Phi Kappa Phi Travel Award | Apr. 5, 2013 | Cal State L.A. | Spotlight

Double major’s research aimed at sexual differentiation

Trang is one of two CSULA students to garner the 2013 Phi Kappa Phi Travel Awards

CSULA students selected for the 2013 CSU Student Research Competition

Robert Brown, M.A., Political Science
“The Path to Insurgency: A Comparative Analysis of Afghanistan, Colombia, and Angola” (faculty mentor: Emily Acevedo)

Wendy Dorenbush, M.A., Anthropology
“Lost Settlements: Rediscovering the Maya Settlement and Landscape of Cahal Pech, Belize” (faculty mentor: James Brady)

Garth Herman, M.S., Electrical Engineering
“Hybrid Routing Algorithms for Navigation Control of a Semi-Autonomous Robotic Platform” (faculty mentors: Charles Liu and Helen Boussalis)

Andrea Herrera, M.S., Biology
“Determining the mechanism of inhibition of mitochondrial Ca2+ overload by the cocoa flavanol (-)-epicatechin as a means of conferring cardioprotection during ischemiareperfusion” (faculty mentor: Katrina Yamazaki)

Michael Martinez, B.S., Chemistry
“Identification of Benzo[a]pyrene Diones as Net Sensitizers of Singlet Oxygen” (faculty mentors: Krishna Foster and Matthias Selke)

Krystal Messer, M.A., History
“Taken for a Ride: How General Motors Drove the Pacific Electric Railway Out of Business” (faculty mentor: Choi Chatterjee)

Azizkhan Pathan, Joseph David Wells and Benjamin Liu, B.S., Mechanical Engineering
“Experimental Sounding Supersonic Rocket Design” (faculty mentor: Darrell Guillaume)

Usama Tohid, M.S., Mechanical Engineering
“Parametric Analysis of a Direct Methanol Fuel Cell in Single-phase and two-phase Regimes” (faculty mentor: Arturo Pacheco-Vega)

Kathy Trang, B.A., Psychology and B.S., Biology
“Alternative Splicing: Sexual Differentiation at the Transcriptome” (faculty mentor: Houng-Wei Tsai)

Tony Ye, M.A., Psychology
“Cognitive Inflexibility After Adolescent Methamphetamine Exposure” (faculty mentor: Alicia Izquierdo)

Pictured: Kathy Trang.

Intrigued by such medical cases as the one of David Reimer, who was sexually reassigned when he was a baby and raised as a female, Cal State L.A.’s biology/psychology major Kathy Trang delved more earnestly into her research.

With a focus on behavioral neuroendocrinology, Trang has been conducting a compelling study on the neural and genetic mechanisms regulating sexual differentiation.

“Many psychologists at one time believed that gender identity was malleable up to 18 months of age,” said Trang, “therefore infants like Reimer were reassigned and presumed to develop normally. However, that wasn’t the case, and Reimer ended up committing suicide. This made me interested in investigating this field of study even further.”

Trang, along with Professor Houng-Wei Tsai of CSU Long Beach, worked on the hypothesis that sexual dimorphic expression of splicing factors regulates gene expression post-transcriptionally.

“From the study, our data demonstrate the importance of both age and sex on the expression of splicing factors found in the developing brain,” said Trang. “This ultimately suggests a role for alternative splicing in controlling brain sexual differentiation and resultant sex differences in cognitive behaviors and neurological diseases.”

As more neurological diseases and mental disorders are linked to splicing defects, the role of alternative splicing in regulating brain function has become increasingly probable.

According to Trang, for genes to exert biological effect, they must be translated into proteins. Before translation, however, DNA is transcribed into a premature mRNA that contains regions called introns, which must be removed. The process responsible for this removal is called splicing.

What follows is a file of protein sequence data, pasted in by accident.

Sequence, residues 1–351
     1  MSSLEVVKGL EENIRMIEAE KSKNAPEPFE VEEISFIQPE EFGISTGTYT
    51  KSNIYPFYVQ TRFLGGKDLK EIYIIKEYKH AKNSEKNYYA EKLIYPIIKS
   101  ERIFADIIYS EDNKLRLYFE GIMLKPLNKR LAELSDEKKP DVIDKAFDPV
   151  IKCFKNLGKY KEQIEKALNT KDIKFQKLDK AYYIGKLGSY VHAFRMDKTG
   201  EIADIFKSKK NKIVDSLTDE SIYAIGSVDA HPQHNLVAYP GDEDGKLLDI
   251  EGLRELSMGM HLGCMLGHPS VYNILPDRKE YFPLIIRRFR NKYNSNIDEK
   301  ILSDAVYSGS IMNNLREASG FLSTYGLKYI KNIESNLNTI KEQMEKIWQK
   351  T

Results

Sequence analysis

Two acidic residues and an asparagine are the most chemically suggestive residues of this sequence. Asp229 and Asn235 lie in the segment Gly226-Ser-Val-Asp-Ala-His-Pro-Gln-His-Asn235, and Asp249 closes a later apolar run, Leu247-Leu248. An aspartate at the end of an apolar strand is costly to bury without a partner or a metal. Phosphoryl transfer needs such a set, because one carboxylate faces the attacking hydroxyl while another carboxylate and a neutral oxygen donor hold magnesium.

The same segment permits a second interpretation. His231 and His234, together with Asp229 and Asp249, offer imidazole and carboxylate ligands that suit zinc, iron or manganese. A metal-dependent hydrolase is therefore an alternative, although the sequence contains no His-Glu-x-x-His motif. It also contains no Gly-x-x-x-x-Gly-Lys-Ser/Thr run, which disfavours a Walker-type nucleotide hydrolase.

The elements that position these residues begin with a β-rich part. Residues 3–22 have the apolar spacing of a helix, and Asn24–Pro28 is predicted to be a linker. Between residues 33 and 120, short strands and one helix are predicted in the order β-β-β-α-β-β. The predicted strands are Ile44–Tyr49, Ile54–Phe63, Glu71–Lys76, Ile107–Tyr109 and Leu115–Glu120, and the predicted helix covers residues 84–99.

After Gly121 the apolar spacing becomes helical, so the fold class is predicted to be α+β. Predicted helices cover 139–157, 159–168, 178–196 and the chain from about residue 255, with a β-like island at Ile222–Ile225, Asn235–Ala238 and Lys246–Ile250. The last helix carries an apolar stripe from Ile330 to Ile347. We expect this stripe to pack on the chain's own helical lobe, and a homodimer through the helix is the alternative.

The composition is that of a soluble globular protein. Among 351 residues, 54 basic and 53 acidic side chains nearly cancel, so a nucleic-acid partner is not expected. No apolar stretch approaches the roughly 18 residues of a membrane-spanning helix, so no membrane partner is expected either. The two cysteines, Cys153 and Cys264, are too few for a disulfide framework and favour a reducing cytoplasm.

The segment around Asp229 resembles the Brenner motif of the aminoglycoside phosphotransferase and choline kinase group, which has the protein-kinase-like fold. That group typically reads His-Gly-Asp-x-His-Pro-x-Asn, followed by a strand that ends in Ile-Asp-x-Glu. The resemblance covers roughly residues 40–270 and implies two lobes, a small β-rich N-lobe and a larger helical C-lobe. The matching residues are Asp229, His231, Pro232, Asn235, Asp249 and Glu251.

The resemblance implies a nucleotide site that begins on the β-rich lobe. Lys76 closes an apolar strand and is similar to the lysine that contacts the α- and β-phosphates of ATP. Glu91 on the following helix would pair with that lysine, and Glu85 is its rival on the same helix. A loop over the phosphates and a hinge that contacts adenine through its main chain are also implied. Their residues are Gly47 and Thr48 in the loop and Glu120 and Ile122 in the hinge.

She explained, “However, different combinations of regions may be removed or retained through a process called alternative splicing, thus allowing for multiple protein products from the same genes.”

For her research, entitled “Alternative Splicing: Sexual Differentiation at the Transcriptome,” Trang was recently awarded a $500 Phi Kappa Phi Travel Award, as did psychology graduate student Tony Ye for his research on “Cognitive Inflexibility After Adolescent Methamphetamine Exposure.”

Trang and Ye are two of only 12 CSULA students selected to represent the University at the 27th Annual CSU Student Research Competition to be held at Cal Poly Pomona this May.

The CSU event each year follows the annual Cal State L.A. Symposium on Research, Scholarship and Creative Activity, which is organized by CSULA’s Office of Research Development. The aim of the campus symposium is to encourage all Cal State L.A. students—undergraduate and graduate in every discipline—to showcase their papers, projects and research endeavors.

“I am beyond impressed with Kathy’s intellectual maturity as demonstrated in her research and her knowledge in philosophy, psychology and biology,” said CSULA Professor Matthias Selke, who is Trang’s thesis adviser. “This honor is more than well deserved.”

A Dean’s List student, Trang is a member the Early Entrance Program Club and the Tea & Sex (Prometheus Today) club on campus. She hopes to pursue a Ph.D. in transcultural psychiatry upon completing her double degrees at CSULA.

“Because expression of sex and gender varies so much cross-culturally, I became enthralled in understanding how culture becomes biologically embodied and what implications of these are related to sex and gender,” said Trang. “Therein lies my goal to integrate social science with neuroscience in my academic pursuit.”

Picture of CSULA delegates for 2013.
CSULA students selected to represent the University at the CSU Student Research Competition: (top, l-r) Robert Brown, Tony Ye, Usama Tohid, Joseph David Wells, Azizkhan Pathan, Krystal Messer, (bottom, l-r) Andrea Herrera, Kathy Trang, Benjamin Liu, Wendy Dorenbush, Garth Herman and (not pictured) Michael Martinez.

Find out more at the following links: